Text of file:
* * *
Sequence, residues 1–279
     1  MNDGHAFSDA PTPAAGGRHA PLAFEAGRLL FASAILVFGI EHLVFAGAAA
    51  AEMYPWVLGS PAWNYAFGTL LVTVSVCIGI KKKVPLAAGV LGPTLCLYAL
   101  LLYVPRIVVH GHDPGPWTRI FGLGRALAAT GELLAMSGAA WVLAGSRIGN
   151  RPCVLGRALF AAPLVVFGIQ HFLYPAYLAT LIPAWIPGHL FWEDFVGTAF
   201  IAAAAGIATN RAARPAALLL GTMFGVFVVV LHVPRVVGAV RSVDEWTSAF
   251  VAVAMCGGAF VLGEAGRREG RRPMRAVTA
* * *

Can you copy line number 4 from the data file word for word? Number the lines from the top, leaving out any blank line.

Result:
   101  LLYVPRIVVH GHDPGPWTRI FGLGRALAAT GELLAMSGAA WVLAGSRIGN